Some people eat, sleep and chew gum, I do genealogy and write...

Wednesday, February 29, 2012

Distance -- a misunderstood concept

Genealogists sometimes forget that political subdivisions are largely arbitrary or follow only major geographic features like rivers and mountain ranges. But have you noticed how many straight lines there are on maps? Last time I checked, there were no straight lines in nature. (I know, this is particularly true, but generally speaking, the boundaries between U.S. states are  straighter than any naturally occurring physical phenomena).

A common example, is that of two towns located closely to each other on a map, but in reality separated by a high range of mountain. Looking at a map without topographical features, will obscure physical realities which may limit travel between apparently proximate communities.

But there is a more subtle factor that influences genealogical research in a dramatic way but is seldom recognized by researchers. That is the effect of the lack of modern transportation modes on family relationships in the not-too-distant past. For example, I can get in my car and drive to Apache County, Arizona in about 3 1/2 hours. A hundred years ago, the trip would've taken the better part of a week on a fast horse. Only fifty years before that, such a trip would've taken a week in a fast buggy or two weeks depending on whether or not the group traveling had adequate transportation. So, the real distance between two points on a map is not measured in miles or kilometers but in the time it takes to travel the distance between the two points.

Ignoring these historical facts, brings about a misunderstanding of the relationships between the various parts of any family organization. Another example, if a family left Germany in the 1850s to move to the United States, it was entirely possible that they would never see any of their relatives left in Europe during their lifetimes. Even on a smaller scale, inside the United States, a movement across state or even further across the country, could isolate members of families from each other permanently.  It is nearly impossible to imagine this kind of condition existing today when I have members of my own family commuting across the United States every week. My brother-in-law, just contacted us that he was driving a truck from California to Texas and would pass through Phoenix. This kind of mobility was entirely impossible just a few years ago.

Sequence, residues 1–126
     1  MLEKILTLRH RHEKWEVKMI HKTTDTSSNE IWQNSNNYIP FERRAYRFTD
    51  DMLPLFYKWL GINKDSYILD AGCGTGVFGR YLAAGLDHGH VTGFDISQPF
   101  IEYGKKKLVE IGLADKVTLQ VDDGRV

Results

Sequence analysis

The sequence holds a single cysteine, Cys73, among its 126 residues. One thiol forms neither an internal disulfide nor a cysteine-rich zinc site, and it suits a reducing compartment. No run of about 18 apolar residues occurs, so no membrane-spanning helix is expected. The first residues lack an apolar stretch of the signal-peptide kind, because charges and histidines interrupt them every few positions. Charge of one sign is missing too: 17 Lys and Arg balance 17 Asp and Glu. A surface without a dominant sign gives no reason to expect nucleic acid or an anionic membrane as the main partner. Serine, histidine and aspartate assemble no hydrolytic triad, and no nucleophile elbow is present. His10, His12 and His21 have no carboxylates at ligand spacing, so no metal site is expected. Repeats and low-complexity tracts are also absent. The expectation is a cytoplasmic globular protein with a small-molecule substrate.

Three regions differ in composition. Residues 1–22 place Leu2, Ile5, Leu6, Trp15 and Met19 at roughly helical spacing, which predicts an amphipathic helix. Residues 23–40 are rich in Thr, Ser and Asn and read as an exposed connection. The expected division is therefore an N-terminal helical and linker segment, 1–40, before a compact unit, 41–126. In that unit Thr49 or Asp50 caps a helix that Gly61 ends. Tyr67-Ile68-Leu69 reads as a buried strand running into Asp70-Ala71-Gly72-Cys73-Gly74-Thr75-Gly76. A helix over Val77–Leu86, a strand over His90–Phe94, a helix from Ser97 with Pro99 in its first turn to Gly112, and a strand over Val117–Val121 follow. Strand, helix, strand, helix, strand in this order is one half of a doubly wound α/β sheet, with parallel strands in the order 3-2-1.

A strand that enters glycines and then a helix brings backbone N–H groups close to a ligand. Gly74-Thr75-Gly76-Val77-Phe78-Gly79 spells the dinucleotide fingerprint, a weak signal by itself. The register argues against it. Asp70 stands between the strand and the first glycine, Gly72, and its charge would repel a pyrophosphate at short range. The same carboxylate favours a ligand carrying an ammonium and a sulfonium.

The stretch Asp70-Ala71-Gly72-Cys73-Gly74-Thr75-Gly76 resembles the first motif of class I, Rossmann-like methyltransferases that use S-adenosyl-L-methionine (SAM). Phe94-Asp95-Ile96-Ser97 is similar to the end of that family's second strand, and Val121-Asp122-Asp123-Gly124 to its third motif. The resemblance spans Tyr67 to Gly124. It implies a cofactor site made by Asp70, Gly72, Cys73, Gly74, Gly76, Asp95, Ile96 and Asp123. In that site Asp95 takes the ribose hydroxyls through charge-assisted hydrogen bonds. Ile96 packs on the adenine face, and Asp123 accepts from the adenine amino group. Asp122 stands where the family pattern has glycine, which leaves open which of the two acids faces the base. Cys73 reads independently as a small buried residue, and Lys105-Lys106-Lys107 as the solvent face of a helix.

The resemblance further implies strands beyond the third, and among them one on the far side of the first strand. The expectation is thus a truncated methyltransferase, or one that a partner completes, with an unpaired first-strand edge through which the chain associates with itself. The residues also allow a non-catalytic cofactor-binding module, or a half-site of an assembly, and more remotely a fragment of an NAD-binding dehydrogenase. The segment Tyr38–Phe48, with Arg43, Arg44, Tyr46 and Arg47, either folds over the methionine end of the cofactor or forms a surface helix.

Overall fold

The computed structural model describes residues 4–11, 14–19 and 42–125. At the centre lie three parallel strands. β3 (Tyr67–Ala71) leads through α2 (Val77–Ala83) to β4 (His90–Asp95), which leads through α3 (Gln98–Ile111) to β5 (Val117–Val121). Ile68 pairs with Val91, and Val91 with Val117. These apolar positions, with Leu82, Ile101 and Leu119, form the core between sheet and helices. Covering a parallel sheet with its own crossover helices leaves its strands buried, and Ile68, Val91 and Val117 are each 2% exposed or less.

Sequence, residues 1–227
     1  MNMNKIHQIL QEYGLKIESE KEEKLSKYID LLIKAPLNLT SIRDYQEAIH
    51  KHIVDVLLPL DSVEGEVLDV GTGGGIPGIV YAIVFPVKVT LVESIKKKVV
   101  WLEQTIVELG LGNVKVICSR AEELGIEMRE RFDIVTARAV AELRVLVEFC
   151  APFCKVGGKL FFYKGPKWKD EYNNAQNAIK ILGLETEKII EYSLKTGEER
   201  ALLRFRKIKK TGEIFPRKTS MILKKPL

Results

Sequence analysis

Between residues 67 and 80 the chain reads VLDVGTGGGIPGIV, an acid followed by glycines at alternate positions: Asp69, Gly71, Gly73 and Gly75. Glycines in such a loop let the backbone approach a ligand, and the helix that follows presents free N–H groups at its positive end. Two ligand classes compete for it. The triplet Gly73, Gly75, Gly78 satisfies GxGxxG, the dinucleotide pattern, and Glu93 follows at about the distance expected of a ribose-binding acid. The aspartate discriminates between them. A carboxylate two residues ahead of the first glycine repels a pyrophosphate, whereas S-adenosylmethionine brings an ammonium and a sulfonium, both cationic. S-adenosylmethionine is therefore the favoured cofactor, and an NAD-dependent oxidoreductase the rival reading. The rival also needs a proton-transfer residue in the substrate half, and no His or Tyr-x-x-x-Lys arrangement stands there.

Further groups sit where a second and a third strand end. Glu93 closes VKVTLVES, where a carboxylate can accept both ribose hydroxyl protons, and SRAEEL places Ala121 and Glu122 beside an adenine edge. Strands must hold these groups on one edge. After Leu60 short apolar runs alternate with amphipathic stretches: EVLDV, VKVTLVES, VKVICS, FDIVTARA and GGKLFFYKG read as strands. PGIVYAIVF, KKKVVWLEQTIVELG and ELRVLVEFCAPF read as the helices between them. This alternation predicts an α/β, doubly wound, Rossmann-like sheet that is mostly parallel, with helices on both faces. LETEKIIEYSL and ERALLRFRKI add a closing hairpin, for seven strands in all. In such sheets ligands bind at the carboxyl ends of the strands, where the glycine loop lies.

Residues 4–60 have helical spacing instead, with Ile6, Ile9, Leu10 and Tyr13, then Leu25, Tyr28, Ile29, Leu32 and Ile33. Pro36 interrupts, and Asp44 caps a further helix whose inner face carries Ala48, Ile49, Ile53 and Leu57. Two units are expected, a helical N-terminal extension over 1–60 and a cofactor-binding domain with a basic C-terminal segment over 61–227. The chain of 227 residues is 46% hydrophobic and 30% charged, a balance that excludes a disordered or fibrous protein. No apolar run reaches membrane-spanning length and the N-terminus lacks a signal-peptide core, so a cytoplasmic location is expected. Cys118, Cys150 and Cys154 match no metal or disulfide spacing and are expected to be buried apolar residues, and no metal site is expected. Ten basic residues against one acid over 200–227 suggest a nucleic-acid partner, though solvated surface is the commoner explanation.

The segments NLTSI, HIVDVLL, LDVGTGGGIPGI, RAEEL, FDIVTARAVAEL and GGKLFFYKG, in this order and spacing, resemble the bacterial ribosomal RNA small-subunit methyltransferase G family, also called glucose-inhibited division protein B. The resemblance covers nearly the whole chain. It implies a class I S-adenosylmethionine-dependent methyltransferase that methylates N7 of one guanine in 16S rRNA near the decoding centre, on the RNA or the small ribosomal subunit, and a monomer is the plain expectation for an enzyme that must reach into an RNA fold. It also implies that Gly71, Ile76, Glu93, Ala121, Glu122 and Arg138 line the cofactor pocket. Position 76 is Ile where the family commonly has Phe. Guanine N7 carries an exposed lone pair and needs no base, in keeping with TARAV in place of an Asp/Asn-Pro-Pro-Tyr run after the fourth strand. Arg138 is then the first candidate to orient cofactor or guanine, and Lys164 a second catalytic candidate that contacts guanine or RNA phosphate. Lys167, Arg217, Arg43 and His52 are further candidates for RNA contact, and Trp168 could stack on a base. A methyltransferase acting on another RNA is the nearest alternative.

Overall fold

An obvious result of this historical fact is that movements by families was not taken lightly or on a whim. There was always a reason, for any movement. In addition, most familial movements were undertaken following established settlement routes or in response to economic or social conditions. Unlike today, young people when leaving their family, usually did not have a job offer halfway across the country. The most common circumstances were when rural workers migrated to the cities looking for better working conditions.

In doing genealogical research, it is absolutely necessary to broaden your search for family members throughout any particular geographical area. For example, in U.S. census records always look for family members on adjacent census sheets. Census enumerations were done in a systematic way geographically and it was not uncommon for family members to be physically located close to each other. The same principle, can be extended to practically any research in any type of documents. Another example, collections of World War II and World War I draft registration cards should be searched to see if other family members registered at or near the same time. In smaller towns, it is always a good idea to search the entire census record for the locality for each year in which the census was taken. Many smaller enumeration districts had less than 20 total census sheets.

Failure to take into account the time it took for people to travel between two areas is often at fault for making unsupported claims to relationship. If you found a family name of an ancestor in Rhode Island, it would be illogical to assume that a family with the same name living in Georgia was related without some very specific evidence to support such a conclusion. But I have seen just such conclusions made on virtually no evidence. On the other hand, many genealogical researchers seem to feel that their families lived in a vacuum because they seldom search for related families in each of the geographical places where the family lived.

Both maps and timelines are valuable helps in resolving realistic distance issues. If someone lived in county in Virginia shortly before they got married, it is unlikely that the marriage took place in Maine or Vermont. Not impossible, just highly unlikely. In looking for your ancestors, the absolute first step is to try to put them on a map. That is, look for any and all know places on maps to see how they are related and whether or not the places fit logically into the physical reality of the areas in question. At every step in your research never leave the map for very long. Keep the geographical perspective.

1 comment:

  1. James I thought I saw you at Roots Tech but didn't have a chance to talk to you. Congratulations on your new book! I don't know how you do it all. This was a great article. I have discovered first hand what you are describing here. People marry people very close to them. Sometimes it was even too far because they didn't have a horse. Also found we depend too much on indexes and once we have the location down, we need to go through the town page by page. I had a family i couldn't find and the name on the census when i went through page by page was Stillman not Tillman as it should have been. Keep up the good work. I missed you when I was in Mesa.

    Grant Davis